Next Meeting: July 16, Picnic and Twilight Tour of Elmore-Vance Tree Farm

WHEN: July 16,Tour at 5:00, picnic at 6:30 p.m.

WHERE: 869 Cispus Road, Randle

Driving Directions:

  1. From I-5 Exit #68, go east for 50 miles on Hwy 12 to Randle.
  2. In Randle turn right at the Mt Adams Cafe, cross the Cowlitz River and head south on the Cispus Road. There’s a big green sign that says Mt. St. Helens 131 South.
  3. Stay left at the Y. Continue across the valley then up (and up and up) for 6 miles.
  4. Go left at FS RD #55. The sign also says Lone Tree Mountain.
  5. Go 300 feet to the driveway on the right, drive through the gate and follow the driveway to the cabin in the pasture.

There is NO cell service at the site, but if you start your phone GPS before Morton, it will bring you to the site.  It takes about 1 hour, 15 minutes from Chehalis.  There won’t be a formal carpool, but we encourage you to contact another member to share a ride.

Details on the Potluck:  LCFFA will provide pulled pork & buns, beverages, and tableware.  Please bring a vegetable, salad, or dessert to share.  We have some chairs, but if it is convenient to bring a lawn chair for yourself, please do so.

You are welcome to come to both the potluck and the tour, or only one part of the event.  This is a great social opportunity to invite an interested friend or neighbor who might be a potential member of WFFA!

See newsletter for more details


May 2019 Meeting

Mike Warjone of Port Blakely hosted a tour for over sixty members of Port Blakely’s 28 acre, 9 year old western red cedar plantation in Winston Creek in East Lewis County. The plantation was fenced for the first six years to prevent animal browse. Mike explained the reasoning and justification for constructing the fence as well as offering what he has learned and what he would do differently on the next fence project. There were lots of questions and answers and some good conversations pertaining to cedar planting.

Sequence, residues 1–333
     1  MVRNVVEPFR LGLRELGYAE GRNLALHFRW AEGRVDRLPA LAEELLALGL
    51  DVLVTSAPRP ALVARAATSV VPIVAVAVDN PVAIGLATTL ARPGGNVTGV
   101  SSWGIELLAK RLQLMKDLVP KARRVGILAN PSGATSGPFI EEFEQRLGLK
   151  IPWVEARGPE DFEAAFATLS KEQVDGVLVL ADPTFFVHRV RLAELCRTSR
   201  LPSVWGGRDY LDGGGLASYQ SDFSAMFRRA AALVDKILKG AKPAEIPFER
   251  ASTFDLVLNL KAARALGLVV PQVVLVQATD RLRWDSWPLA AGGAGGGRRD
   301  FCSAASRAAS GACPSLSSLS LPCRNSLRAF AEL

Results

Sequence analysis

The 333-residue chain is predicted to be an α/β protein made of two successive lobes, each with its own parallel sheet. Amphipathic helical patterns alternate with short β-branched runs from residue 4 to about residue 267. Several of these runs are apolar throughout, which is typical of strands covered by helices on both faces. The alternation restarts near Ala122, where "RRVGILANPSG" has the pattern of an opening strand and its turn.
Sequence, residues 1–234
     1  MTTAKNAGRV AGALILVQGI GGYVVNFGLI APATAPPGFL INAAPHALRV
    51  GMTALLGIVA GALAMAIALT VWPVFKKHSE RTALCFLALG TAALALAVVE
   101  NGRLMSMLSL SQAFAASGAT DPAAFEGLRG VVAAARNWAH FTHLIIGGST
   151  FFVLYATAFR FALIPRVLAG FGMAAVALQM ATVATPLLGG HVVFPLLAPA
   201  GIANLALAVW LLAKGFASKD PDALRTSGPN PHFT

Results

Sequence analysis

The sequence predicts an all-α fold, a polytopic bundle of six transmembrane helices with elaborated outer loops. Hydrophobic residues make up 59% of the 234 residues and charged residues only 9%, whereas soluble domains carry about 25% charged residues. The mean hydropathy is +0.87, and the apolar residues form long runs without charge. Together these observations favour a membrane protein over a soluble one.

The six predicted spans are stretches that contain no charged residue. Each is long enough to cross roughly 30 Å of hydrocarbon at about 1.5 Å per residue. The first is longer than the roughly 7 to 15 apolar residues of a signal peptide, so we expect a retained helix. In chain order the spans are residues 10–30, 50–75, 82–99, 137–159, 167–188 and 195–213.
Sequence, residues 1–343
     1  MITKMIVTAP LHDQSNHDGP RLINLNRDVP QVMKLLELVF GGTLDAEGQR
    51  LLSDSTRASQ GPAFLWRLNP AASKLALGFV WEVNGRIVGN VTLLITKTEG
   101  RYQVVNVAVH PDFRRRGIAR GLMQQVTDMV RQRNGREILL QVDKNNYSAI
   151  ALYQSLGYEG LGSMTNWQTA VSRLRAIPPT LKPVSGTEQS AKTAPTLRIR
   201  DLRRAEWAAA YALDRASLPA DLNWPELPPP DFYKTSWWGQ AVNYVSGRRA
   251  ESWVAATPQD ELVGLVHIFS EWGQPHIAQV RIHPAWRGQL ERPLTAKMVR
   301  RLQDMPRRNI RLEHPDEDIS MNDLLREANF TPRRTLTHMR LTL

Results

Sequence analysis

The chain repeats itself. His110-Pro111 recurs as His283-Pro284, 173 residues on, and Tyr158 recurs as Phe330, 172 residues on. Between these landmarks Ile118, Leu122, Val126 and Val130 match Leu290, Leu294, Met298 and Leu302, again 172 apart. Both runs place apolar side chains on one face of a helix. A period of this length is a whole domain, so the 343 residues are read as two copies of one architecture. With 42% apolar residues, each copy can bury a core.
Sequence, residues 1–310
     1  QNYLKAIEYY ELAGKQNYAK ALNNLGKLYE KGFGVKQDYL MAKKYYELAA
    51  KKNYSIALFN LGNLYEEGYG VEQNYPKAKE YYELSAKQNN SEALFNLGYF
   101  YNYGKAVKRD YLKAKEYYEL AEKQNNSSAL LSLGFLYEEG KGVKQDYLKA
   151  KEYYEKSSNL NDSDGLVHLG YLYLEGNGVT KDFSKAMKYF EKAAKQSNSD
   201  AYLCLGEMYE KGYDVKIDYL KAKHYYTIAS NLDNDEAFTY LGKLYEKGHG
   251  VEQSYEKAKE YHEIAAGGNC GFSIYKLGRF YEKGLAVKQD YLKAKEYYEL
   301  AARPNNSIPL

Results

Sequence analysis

April 2019 Meeting

Eric Cohen of Port Blakely talked about fertilizing Douglas-fir.  His presentation slides give much more detail, but the essential points were:

1)  It isn't worth fertilizing all soils, only glacial soils that aren't really high site;

2) The best growth increase you can hope for is 10-15%.;

3) Just do one treatment about 10 years before harvest.


March 2019 meeting

Kent Jones of Resource Contractors LLC told us about the kinds of red alder trees that he purchases to be sliced.  They must have a 13 inches minimum diameter at the small end and be very clear of knots.  If you have trees that meet this criteria, he is paying a very good price.  The biggest problem is that most small land owners harvest in the summer, and he does not buy alder when the weather gets hot because of its rapid deterioration. He also buys Douglas-fir and western red cedar poles for Oeser Company in Bellingham.  If you would like to listen to his presentation, you can do so here.


February 2019 Annual Meeting and Dinner

On February 19, members enjoyed a fried chicken dinner at the Oakview Grange and re-elected Ricky Kuykendall and Chuck Higgins to Board positions.  The 2019 Lewis County Tree Farmer of the Year Award was presented to the Elmore Vance Tree Farm.

Micheal Sprouffske of Class 39 of the Washington Agriculture and Forestry Leadership Program spoke on their international trip to Greece & Italy.

November 2018 Awards Banquet